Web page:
?The Frenchman who next wins the Tour de France is not born yet!? declared French 1950s star, Jean Bobet to an appreciative audience at the Pedal Club luncheon in London last week.
This frank admission to the question put by Cycling Weekly ? it is 28 years since Bernard Hinault won his fifth Tour - was the self-deprecating response the Pedal Club appreciated. Especially so because Jean, winner of the 1955 Paris-Nice, is the brother of the more famous Louison ? France?s first triple winner of the Tour.
Jean, who was accompanied by his wife, Madeleine, was publicising the launch of his recently translated book, ?Jean Bobet ? Tomorrow we ride?. This is what the brothers would say to each other when arranging to meet. It is another cycling gem published by Mousehold Press and Sport and Publicity.
An Anglophile, Jean Bobet studied at Aberdeen University until urged by his brother to return to France to turn professional, to support him in his quest.
When he retired in 1959, after seven years as a pro, Jean became a sports journalist.
At last week?s lunch, Bobet raised more laughs at is own expense when praising the book?s translater Adam Berry.
?I discovered he had also written a book called ?Tomorrow, we Ride?, which was much better than mine.?
It tells of how the two Bretons became household names in France, with Louison?s star destined to shine the brightest in the post-war era of great champions.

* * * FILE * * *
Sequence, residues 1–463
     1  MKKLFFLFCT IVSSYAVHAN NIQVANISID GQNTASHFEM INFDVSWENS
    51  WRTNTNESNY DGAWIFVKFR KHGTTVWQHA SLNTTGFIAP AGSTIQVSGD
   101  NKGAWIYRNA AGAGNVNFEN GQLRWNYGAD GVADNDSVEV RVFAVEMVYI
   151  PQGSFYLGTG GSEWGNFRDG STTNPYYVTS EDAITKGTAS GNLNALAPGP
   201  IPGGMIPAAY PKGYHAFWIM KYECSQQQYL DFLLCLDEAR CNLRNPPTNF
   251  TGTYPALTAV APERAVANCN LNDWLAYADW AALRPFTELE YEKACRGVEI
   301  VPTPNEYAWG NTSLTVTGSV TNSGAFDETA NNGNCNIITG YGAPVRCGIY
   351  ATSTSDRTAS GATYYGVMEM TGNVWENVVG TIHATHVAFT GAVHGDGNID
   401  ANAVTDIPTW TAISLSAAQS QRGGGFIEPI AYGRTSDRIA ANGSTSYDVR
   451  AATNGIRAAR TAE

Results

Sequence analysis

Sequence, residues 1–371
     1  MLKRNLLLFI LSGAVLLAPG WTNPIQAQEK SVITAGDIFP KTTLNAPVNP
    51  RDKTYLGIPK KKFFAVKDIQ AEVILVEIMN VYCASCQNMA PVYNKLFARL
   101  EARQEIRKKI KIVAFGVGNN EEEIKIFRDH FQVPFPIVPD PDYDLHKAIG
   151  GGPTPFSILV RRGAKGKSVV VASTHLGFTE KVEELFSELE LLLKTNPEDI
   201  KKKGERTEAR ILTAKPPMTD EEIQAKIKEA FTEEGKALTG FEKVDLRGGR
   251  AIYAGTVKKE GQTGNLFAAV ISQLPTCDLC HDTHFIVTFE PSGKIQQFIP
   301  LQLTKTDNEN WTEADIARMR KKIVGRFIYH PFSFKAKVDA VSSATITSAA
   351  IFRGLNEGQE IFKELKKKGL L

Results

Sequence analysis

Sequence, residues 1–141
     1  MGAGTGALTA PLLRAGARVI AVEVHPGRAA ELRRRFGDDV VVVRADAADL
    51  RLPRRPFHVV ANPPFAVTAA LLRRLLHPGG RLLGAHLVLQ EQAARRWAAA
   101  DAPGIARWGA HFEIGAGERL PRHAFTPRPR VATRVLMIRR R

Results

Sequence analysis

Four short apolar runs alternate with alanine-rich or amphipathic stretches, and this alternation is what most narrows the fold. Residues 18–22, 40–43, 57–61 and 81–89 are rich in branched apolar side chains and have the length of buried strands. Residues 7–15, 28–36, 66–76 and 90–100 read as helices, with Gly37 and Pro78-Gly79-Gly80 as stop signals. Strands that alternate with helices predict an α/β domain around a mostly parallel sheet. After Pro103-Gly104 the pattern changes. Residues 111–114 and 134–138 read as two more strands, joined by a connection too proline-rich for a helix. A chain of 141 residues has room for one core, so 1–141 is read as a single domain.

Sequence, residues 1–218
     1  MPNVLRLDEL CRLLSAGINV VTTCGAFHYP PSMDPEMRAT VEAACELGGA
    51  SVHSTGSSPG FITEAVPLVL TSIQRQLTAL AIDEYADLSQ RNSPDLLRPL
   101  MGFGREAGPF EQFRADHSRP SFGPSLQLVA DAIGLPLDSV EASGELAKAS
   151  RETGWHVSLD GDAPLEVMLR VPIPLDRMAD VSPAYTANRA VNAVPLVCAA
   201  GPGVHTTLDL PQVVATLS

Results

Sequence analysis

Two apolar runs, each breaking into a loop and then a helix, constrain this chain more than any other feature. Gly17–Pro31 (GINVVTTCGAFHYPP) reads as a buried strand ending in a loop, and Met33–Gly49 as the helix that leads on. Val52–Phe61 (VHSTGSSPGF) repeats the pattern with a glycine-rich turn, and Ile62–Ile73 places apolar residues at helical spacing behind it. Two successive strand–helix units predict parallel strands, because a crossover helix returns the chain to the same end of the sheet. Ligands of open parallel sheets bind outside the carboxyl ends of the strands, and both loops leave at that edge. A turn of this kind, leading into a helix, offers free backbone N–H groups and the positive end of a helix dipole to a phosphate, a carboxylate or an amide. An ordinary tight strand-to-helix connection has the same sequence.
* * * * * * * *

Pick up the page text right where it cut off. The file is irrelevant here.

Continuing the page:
An inspiring read, and not just for reminding us what a great rider his brother became, but for bringing alive the great races and characters of the day, at a time when Europe was in need of heroes, as people emerged from the dark days of conflict
Bobet expresses so beautifully the gift cycling so often presents us with - those unexpected moments of euphoria. We call them ?Float days?. Jean, with a touch more eloquence, describes them as ?la voluptuous pleasure - a combination of speed and ease, force and grace.?
Tomorrow, we ride, by Jean Bobet
Published by Mousehold Press and Sport and Publicity.
£12.95. plus £1.50 p&p.
Enquiries: Sport and Publicity, 75 Fitzjohns Avenue, Hampstead, London NW3 6PD. www.sport&publicity.co.uk.
Mick Clark, 07809 148568.
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Keith Bingham joined the Cycling Weekly team in the summer of 1971, and retired in 2011. During his time, he covered numerous Tours de France, Milk Races and everything in-between. He was well known for his long-running 'Bikewatch' column, and played a pivotal role in fighting for the future of once at-threat cycling venues such as Hog Hill and Herne Hill Velodrome.
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